Ah, waking up in your own bed, early night, collapsing after a long day, but first, find the sheets and then make the bed with your eyes closing. I finally fell into it and awoke this morning after ten hours to the familiar warm sound of the drill. Ah, home at last, I bet Olivia can’t wait to get home to that sound. Still, it was a lovely day, warm and breezy, and my papaya was waiting for me in the fridge. Unpacking my suitcase and digging out my swim/gym bag before I head out and back into the routine of Portugal confirmed by the presence of Bellyman and Dogman as I walked across the Marquês square. I walked on the shady side of the street, a few changes on the route in the construction department but that’s Porto, as the world discovers this beautiful place and continues to make it attractive to the world outside.
I hit the gym today, the first time in two months, I took it a little easier, it was hot in there, it felt like it needed the breeze. Every place should have a window you can open across the room. On tour, I always hated the hotels that didn’t have windows that you could open. Why is that? Is it to stop people from jumping out? I can’t imagine that the percentage of people who jump out justifies the number of locked windows across the hotels in America – if only they took these extreme measures against guns. But on a lighter note, it seems that Porto has a generally nice balance between sun and breeze.
Home means remembering patterns, routines that once were executed without thinking but now need consideration. I forgot my padlock today and when I left the gym I left my phone and glasses upstairs. This is why air traffic controllers need time off from such a high pressure, high-responsibility work but on the other hand, a break in the routine loses the flow, the reliability that comes with unbroken concentration.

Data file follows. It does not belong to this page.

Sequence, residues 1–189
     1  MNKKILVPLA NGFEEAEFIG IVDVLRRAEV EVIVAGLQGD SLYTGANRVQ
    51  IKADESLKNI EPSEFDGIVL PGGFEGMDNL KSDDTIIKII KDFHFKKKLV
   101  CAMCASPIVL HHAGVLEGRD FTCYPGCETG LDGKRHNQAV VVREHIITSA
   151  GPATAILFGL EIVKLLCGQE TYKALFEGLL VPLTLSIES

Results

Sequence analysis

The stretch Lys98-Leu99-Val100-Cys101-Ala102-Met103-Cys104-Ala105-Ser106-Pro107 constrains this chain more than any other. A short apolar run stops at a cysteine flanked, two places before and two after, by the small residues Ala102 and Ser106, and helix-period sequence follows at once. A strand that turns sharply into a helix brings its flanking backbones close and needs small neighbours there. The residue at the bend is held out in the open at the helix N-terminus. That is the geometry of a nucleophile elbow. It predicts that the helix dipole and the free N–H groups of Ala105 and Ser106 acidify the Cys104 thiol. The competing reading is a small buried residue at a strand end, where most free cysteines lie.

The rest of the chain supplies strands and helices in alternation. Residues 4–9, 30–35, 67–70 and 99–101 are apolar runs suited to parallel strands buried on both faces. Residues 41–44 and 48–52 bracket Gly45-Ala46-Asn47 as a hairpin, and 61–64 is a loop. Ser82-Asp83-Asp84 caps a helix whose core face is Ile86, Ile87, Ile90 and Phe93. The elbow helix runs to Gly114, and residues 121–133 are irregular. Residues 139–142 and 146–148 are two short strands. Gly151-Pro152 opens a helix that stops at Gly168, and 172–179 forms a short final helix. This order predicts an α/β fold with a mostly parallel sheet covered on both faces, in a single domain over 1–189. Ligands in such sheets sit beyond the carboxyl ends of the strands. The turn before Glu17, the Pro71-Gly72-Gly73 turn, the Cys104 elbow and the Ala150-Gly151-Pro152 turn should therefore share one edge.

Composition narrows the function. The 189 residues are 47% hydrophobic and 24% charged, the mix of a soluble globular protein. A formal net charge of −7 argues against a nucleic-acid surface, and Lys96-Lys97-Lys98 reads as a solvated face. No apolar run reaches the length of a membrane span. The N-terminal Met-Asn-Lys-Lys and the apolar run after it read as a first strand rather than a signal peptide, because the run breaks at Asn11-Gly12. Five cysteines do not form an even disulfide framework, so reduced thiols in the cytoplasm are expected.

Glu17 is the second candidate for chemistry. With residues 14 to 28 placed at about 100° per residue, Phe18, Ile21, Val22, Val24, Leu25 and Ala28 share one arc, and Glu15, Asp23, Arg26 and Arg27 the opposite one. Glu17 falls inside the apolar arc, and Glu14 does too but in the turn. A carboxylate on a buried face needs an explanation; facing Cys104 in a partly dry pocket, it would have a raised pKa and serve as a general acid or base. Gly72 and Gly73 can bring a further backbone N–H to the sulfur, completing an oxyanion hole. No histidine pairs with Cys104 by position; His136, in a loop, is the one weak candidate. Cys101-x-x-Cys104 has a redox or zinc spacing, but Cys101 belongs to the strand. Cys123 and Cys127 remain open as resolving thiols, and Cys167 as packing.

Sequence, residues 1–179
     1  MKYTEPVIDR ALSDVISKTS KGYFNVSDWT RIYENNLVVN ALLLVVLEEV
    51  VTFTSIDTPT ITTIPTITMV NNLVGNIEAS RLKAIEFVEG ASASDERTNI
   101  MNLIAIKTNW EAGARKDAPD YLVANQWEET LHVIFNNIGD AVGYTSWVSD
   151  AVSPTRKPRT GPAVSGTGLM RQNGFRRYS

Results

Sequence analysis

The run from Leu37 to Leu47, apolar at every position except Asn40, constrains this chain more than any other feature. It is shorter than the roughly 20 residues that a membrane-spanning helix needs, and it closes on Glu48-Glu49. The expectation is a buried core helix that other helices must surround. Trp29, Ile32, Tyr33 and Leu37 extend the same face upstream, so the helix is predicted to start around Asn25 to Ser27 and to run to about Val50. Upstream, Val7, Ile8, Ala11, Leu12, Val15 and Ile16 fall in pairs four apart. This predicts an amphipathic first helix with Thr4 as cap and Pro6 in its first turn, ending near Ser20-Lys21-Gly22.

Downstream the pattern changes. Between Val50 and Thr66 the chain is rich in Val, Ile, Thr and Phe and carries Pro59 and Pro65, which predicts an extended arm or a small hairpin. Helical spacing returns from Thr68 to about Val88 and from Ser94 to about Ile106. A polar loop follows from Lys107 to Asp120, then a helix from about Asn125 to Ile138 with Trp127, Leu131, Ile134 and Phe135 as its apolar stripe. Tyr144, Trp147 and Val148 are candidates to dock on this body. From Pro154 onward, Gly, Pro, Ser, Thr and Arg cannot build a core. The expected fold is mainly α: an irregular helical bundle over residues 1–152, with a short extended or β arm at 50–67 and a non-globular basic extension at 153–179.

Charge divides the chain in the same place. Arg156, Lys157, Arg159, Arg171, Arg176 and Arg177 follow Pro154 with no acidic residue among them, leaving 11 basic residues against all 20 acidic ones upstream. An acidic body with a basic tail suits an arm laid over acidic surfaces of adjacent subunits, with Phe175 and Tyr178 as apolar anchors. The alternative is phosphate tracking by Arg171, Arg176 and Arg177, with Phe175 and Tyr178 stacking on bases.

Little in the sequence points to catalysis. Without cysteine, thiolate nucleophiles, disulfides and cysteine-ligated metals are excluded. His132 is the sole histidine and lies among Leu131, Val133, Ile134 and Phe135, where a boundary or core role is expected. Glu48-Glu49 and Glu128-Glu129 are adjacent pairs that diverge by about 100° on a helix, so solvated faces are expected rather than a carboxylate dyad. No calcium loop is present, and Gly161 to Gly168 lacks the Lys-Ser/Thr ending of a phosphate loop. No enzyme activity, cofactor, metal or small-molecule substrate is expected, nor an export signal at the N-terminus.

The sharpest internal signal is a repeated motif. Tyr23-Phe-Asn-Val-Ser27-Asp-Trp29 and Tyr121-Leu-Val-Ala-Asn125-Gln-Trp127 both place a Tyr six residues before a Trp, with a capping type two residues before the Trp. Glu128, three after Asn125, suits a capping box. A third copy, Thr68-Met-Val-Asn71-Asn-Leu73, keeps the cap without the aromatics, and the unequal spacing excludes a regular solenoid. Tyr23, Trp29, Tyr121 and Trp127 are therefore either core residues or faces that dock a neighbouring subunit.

The Commonwealth Games opening ceremony was on the tele tonight, live from Birmingham. It reminded me of when we were asked to ‘mime’ at the Commonwealth Games in Australia with the ex-band. It was fun to see Tony Iommi there with the BBC presenter introducing him as Black Sabbath’s Tony Iommi, I can’t imagine that he would have garnered so much respect if it had been 1970. Black Sabbath aren’t scary anymore, they don’t threaten the community like they did in the early days, what changed? If only society had realised how much more of a threat pollution and tobacco was/is. I wondered if Duran Duran were miming. Le Bon did seem to be singing. They played ELO songs and UB40 but Ozzy was missing, as was Robert Plant, Roy Wood and The Move. Priest and Napalm Death might have scared the athletes, as might Fine Young Cannibals by name alone. The Moody Blues, too sixties, Dexys too eighties, Ocean Colour Scene, Denim, Felt, Pram too indie.
I came home to four magazines, two Prog and two Shindig but no Mojo. I barely have time to read these mags but enjoy skimming through them and keeping them for the collection. They’re a great record of what happened that month in that genre. In a perfect world of preservation, I’d collect magazines from all genres but I need the backing of the intergalactic culture government and the understanding that collecting all things music should be considered an important preservation for the universe from gig tickets, to Neve desks and everything musical in between, especially the Venusian harp.
Music of the day today has actually been the last album I listened to on the plane, Travis’ The Man Who (1999). Melodic, great singing, good songs, I like it.
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